Daily Grind Replaces Carol’s in Downtown Middlebury

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Daily Grind Replaces Carol’s in Downtown Middlebury

The Daily Grind is open for business on Merchants Row.

The Daily Grind is open for business on Merchants Row.

SADIE HOUSBERG/THE MIDDLEBURY CAMPUS

The Daily Grind is open for business on Merchants Row.

SADIE HOUSBERG/THE MIDDLEBURY CAMPUS

SADIE HOUSBERG/THE MIDDLEBURY CAMPUS

The Daily Grind is open for business on Merchants Row.

By KENSHIN CHO

The former home of Carol’s Hungry Mind Café, 24 Merchants Row, is bustling with activity again. After weeks of preparation, Jennifer Stocker and Adam Shafer opened The Daily Grind, a new coffee shop

Inside, the space is fresh but familiar. Students type away on laptops, friends chat about work, and the lone visitor sips on his coffee. Behind them, a clean row of photos line the once crowded wall. The sleek renovations add new life to the friendly, casual feel of a neighborhood café.

For the couple, who also own Shafer’s Market & Deli and the Foundation Salon & Spa downtown, opening The Daily Grind was a dream come true. “I’ve always wanted that space,” Stocker said. She explained that Shafer started working at Carol’s as a baker 12 years ago.

The couple hopes to expand the store beyond coffee, building a tapas food menu and an entertainment space in the basement.

They want to attract a different audience to the shop with poetry readings, karaoke nights and music. It is also part of a plan to make the business profitable, something that Carol’s struggled to do.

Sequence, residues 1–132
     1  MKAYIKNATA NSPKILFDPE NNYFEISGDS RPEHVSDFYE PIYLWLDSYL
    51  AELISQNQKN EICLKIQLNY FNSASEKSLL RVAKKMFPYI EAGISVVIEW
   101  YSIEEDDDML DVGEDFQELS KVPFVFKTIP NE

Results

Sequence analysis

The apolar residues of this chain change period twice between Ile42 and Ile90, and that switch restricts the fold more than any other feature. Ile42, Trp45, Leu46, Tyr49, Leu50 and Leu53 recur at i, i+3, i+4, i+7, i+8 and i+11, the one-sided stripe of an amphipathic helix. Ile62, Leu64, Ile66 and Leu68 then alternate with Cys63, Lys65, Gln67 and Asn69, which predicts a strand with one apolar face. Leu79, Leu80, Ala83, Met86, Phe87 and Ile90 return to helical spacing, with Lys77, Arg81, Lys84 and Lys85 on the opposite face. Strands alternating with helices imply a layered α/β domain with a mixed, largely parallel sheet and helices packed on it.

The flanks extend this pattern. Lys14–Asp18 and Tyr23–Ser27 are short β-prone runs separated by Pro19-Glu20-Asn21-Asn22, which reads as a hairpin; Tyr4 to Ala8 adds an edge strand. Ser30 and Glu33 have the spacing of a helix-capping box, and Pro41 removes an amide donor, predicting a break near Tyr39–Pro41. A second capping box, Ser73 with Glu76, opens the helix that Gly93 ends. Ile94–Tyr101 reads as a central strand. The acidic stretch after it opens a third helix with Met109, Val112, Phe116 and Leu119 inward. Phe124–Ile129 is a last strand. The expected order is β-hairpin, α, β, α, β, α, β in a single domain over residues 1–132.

“You can’t sustain a business on coffee alone,” Stocker said. “I’ve contemplated putting in a bar downstairs.”

In the meantime, she wants the town to know that a new shop has opened. “People are still getting used to it being back open— daily and consistently,” she said. “Every day is a little bit busier than the last.”

But as business grows, Stocker may soon encounter many of the same obstacles that Carol’s faced. The rail bridge’s construction is a major deterrent for visitors, decreasing foot traffic and obstructing parking spots. Customers who linger for hours, paying only for a cup of coffee may continue to present a challenge. Still, Stocker remains unconcerned, dedicated to bringing in patrons.

“If I know someone’s around the corner, I’ll go stand in the middle of a parking spot,” she said. “[Or] I’ll give them my spot.”

Stocker’s vision is a hopeful, yet nostalgic one. “Ten or twelve years ago, I used to want to go to Carol’s all the time,” Stocker said. “I want to get back to the warm, inviting, friendly face in town.”

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